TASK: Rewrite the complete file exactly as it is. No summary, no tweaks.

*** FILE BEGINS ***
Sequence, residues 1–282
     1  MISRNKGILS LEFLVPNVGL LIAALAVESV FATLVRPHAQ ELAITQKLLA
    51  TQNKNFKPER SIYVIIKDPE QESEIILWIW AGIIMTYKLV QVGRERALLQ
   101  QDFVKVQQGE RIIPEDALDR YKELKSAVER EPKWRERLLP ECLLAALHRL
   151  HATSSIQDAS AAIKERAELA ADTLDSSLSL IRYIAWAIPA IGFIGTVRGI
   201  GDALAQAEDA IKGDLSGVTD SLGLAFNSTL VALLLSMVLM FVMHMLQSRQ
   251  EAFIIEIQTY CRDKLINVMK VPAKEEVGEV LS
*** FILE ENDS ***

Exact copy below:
Sequence, residues 1–282
     1  MISRNKGILS LEFLVPNVGL LIAALAVESV FATLVRPHAQ ELAITQKLLA
    51  TQNKNFKPER SIYVIIKDPE QESEIILWIW AGIIMTYKLV QVGRERALLQ
   101  QDFVKVQQGE RIIPEDALDR YKELKSAVER EPKWRERLLP ECLLAALHRL
   151  HATSSIQDAS AAIKERAELA ADTLDSSLSL IRYIAWAIPA IGFIGTVRGI
   201  GDALAQAEDA IKGDLSGVTD SLGLAFNSTL VALLLSMVLM FVMHMLQSRQ
   251  EAFIIEIQTY CRDKLINVMK VPAKEEVGEV LS